By Dew Ailes
By Chad Garrison
By Mabel Suen
By Chris Kornelis
By Mike Seely
By Daniel Hill
By Allison Babka
By Daniel Hill
After seeing the latter singer's commanding performance with BSS at this year's Lollapalooza (not to mention her work on the amazing new Stars EP, Sad Robots), it's easy to imagine Powell might feel some pressure at the thought of trying to step up to the mic on the upcoming tour. When asked whether filling in for such big musical personalities was intimidating, she says, "Of course it is! Well, it was. But the band members did an incredible job at never entertaining my insecurities and so, like anything that doesn't get fed, they starved and eventually perished."
Land of Talk's new album, Some Are Lakes — which was produced by Justin Vernon, a.k.a. Bon Iver — definitely owes a lot to the collective nature of bands such as Broken Social Scene. (Especially because Powell is Land of Talk's only constant member, and she counts on collaborations with people like Vernon to help her realize its vision.) This is perhaps one of Broken Social Scene's greatest contributions to the indie music scene in general: It's changed the idea of what it means to be in a "band" and opened artists' minds to the idea of a constantly revolving door of musical contributions.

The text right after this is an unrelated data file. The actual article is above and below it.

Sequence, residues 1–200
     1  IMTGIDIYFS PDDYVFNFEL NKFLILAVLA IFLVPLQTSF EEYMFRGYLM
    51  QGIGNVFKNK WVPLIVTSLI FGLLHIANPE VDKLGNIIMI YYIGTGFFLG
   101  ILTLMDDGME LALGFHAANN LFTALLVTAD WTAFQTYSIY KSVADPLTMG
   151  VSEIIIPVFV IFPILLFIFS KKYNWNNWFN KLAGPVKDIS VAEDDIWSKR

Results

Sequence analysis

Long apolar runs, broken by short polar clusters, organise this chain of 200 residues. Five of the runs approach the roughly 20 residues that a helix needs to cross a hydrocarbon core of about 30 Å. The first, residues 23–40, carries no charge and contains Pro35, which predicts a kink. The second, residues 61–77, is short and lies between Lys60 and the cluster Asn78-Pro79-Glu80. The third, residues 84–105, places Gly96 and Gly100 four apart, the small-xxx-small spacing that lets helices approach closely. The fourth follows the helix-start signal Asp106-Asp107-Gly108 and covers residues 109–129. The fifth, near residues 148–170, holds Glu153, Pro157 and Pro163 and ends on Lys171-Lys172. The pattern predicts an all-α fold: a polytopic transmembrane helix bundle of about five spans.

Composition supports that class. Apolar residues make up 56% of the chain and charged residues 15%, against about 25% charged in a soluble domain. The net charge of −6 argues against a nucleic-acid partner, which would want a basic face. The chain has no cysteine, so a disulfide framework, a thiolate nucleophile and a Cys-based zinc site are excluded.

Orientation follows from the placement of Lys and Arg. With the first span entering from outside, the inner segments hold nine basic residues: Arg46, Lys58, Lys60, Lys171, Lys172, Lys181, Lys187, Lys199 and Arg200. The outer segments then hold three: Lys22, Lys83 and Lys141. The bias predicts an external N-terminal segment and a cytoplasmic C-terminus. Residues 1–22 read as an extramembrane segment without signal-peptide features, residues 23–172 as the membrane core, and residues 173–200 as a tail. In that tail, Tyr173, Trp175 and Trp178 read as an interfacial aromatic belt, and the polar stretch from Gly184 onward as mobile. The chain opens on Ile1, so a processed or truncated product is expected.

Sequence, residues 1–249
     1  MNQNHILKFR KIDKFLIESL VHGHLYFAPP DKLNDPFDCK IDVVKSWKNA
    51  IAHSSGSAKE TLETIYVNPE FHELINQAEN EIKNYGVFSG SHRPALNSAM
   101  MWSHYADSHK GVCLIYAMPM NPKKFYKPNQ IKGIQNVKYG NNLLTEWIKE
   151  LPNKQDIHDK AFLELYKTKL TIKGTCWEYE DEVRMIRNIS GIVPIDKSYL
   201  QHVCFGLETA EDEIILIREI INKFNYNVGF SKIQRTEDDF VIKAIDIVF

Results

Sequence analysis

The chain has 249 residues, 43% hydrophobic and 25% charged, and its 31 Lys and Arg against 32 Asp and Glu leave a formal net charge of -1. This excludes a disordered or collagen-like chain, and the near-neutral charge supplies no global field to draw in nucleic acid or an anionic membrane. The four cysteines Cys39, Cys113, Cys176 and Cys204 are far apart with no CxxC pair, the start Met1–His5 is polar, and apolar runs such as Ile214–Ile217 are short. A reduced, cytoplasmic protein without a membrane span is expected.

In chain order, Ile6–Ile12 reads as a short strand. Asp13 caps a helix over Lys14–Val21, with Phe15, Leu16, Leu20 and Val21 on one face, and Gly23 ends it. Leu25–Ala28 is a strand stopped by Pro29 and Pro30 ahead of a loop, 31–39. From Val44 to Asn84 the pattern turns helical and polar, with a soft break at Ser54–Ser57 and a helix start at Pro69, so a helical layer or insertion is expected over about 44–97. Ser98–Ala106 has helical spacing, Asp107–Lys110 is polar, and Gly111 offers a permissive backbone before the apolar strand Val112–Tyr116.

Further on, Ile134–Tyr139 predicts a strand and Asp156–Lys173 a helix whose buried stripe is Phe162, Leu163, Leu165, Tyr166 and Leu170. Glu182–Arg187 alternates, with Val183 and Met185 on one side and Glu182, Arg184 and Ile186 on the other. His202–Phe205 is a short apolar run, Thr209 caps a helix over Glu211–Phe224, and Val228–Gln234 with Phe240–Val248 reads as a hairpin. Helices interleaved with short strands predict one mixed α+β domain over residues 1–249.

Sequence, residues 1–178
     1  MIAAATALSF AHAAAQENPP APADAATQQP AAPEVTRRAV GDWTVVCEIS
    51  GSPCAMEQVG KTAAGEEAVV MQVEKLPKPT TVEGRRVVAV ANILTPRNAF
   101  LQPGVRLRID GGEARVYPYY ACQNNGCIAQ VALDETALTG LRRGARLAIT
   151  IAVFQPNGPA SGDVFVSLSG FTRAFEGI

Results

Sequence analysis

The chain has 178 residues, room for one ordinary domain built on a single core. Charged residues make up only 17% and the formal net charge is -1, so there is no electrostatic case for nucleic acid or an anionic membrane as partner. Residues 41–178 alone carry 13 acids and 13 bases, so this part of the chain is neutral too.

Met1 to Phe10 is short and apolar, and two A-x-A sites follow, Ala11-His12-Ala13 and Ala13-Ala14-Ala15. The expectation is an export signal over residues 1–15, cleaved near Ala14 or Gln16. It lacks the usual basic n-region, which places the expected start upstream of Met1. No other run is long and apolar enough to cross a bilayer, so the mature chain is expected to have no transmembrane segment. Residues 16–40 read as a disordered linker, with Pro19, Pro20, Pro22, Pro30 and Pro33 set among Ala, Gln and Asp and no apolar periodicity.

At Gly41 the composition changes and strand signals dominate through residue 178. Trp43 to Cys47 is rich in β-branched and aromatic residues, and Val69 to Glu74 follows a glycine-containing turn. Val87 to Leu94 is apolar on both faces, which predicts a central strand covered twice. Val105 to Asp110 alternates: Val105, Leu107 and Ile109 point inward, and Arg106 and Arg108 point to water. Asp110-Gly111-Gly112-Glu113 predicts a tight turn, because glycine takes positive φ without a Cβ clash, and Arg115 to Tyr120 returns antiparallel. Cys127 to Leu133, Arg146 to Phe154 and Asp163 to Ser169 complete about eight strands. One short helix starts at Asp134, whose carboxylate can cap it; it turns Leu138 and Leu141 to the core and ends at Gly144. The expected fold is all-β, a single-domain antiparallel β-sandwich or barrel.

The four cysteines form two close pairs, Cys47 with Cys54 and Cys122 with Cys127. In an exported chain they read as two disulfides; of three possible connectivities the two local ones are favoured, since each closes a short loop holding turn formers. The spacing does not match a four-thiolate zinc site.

The BSS Presents series is simply the next step in the creative evolution of this collective of musicians who never seem interested in staying in one place creatively for too long. "I think it was just kind of the necessary evolution that was happening in this band," Canning says. "It was a chance to worry less about schedules of other people and focus on a more selfish project, but at the same time sticking with the Broken Social Scene ethos of just inviting your friends to come play music with you."
Indeed, even though fans might be anxious for the next proper BSS record, it's clear the group has no interest in overthinking where it's going in the future — perhaps because it's not sure either. "We've never been that calculated as far as what's coming next," Canning says. "It might improve the longevity of the band if we keep ourselves guessing a little bit."